Over the past several years AnandTech has grown to be much more than just a PC hardware review site. In fact, we consider ourselves to be just as much about the new mobile world as we do about the old PC world. We leveraged our understanding of component and system architecture in bringing a deeper, more analytical look to mobile silicon and devices. As we continued to invest in our mobile coverage and expertise, we found that readers, mobile component and device makers responded quite well to our approach.

AnandTech’s focus grew, but we quickly ran into a bottleneck when it came time to monetize that mobile content. Our mobile content did a great job of helping to grow the site (as well as bring new eyeballs to our traditional PC coverage as well). While we had no issues competing with larger corporate owned sites on the content front, when it came to advertising we were at a disadvantage. Our advantage in quality allowed us to make progress, but ultimately it became a numbers game. The larger corporate owned sites could show up with a network of traffic, substantially larger than what AnandTech could deliver, and land more lucrative advertising deals than we were able to. They could then in turn fund a larger editorial operation and the cycle continues.

AnandTech has been profitable since its inception; it’s been on a great growth curve these past couple of years and we’ve always been able to do more with less, but lately there’s been an increased investment in high quality content. It wasn’t that long ago where the only type of content seeing real investment was shallow, poorly researched and ultimately very cable-TV-news-like. More recently however we’ve seen a shift. Higher quality content is being valued and some big names (both on the publishing and VC fronts) have been investing in them. Honestly we haven’t seen a world like this in probably over a decade.

Before his departure, Anand spent almost a year meeting with all of the big names in the publishing space, both traditional and new media players. The goal was to find AnandTech a home with a partner that had a sustainable business model (similar to AnandTech’s), but could add the investment and existing reach to allow the site to better realize its potential. That search led to a number of interesting potential partners; it was a refreshing experience to say the least knowing that there are groups in the world who really value good content. Ultimately that search brought AnandTech to Purch.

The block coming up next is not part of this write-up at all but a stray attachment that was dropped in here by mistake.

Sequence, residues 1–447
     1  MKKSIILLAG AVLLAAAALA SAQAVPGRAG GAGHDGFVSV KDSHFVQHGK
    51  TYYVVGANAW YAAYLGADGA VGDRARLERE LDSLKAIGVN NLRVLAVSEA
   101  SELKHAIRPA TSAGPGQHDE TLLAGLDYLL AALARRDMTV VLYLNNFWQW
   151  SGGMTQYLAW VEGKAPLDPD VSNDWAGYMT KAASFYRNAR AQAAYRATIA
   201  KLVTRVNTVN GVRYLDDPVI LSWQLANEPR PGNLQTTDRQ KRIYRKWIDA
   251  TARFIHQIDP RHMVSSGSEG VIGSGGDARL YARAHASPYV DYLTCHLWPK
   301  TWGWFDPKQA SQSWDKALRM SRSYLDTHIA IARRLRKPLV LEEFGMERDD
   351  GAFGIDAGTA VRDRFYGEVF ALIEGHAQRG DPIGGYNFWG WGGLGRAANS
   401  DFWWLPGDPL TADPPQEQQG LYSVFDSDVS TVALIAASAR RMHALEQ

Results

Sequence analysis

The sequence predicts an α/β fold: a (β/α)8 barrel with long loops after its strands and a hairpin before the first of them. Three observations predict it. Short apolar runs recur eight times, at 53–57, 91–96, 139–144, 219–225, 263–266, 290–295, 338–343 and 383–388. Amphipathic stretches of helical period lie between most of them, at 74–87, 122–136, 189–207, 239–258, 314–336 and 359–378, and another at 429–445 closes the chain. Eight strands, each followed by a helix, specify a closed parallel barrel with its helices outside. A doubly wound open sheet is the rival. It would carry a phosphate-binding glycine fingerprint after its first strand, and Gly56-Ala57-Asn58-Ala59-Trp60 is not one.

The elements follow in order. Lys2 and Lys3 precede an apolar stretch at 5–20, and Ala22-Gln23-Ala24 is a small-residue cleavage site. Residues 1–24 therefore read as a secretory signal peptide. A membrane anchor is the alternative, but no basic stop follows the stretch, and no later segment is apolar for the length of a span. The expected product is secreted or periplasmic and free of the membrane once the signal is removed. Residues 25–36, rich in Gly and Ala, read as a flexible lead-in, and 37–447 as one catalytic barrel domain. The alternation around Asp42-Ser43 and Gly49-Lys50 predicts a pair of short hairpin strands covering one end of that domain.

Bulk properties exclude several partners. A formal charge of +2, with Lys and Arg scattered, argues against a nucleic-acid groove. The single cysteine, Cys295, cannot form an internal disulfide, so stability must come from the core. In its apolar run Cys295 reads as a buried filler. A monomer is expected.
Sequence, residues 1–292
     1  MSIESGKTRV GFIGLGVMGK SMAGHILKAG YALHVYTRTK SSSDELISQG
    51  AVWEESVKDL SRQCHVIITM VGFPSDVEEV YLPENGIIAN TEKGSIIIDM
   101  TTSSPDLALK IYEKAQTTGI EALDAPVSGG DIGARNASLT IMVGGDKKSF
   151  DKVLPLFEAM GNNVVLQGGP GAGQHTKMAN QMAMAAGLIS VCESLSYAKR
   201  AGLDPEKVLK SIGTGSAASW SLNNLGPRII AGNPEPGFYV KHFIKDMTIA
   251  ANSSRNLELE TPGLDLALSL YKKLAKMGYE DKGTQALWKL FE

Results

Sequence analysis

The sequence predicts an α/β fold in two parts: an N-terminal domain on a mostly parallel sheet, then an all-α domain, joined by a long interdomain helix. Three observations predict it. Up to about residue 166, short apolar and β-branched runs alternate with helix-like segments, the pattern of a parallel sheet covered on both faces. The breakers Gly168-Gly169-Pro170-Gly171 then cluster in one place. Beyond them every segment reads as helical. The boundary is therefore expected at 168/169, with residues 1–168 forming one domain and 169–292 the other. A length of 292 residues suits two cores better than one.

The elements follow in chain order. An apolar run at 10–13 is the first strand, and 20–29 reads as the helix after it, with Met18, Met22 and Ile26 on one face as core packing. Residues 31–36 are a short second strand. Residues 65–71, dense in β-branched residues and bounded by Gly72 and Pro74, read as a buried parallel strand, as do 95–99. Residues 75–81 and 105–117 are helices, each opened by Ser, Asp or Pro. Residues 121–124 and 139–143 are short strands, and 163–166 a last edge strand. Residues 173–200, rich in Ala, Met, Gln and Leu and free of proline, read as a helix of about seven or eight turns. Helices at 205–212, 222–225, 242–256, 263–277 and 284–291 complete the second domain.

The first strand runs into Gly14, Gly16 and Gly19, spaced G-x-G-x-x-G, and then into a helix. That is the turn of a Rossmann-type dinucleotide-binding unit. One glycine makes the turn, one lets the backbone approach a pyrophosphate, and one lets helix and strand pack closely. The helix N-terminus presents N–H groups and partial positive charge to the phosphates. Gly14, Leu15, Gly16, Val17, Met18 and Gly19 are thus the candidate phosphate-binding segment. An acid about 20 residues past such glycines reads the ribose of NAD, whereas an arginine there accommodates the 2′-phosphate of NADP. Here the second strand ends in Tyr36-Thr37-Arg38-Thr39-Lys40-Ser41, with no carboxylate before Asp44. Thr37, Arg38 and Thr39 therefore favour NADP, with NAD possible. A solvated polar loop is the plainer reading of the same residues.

Purch met the requirements: they have a sustainable business model, are profitable and have the sort of reach AnandTech needs to really hit the next level. More fundamentally however, Purch’s values are in line with AnandTech’s. In fact, it wasn’t that long ago that Purch acquired one of AnandTech’s biggest competitors in the late 1990s: Tom’s Hardware. Purch had already demonstrated a value for the sort of deep, long form content AnandTech was known for. In meeting with the Purch business and editorial teams, there was a clear interest in further developing AnandTech’s strengths as well as feeding back AnandTech’s learnings into the rest of the Purch family.

AnandTech and Tom’s Hardware remain editorially independent, and though no longer competitors, the goal is to learn from one another. To further invest in the areas that make us different, and together with the rest of the Purch family help to bring a higher standard of quality to the web.

The AnandTech team is staying in place and will continue to focus on existing coverage areas. We’re not changing our editorial policies or analytical approach and have no intentions of doing so. The one thing that will change is our ability to continue to grow the site. This if anything starts from the top; with a publisher to more directly handle the business of AnandTech, this frees me up to spend more time on content creation and helping the rest of our editors put together better articles. And in a hands-on business like journalism that benefit cannot be overstated.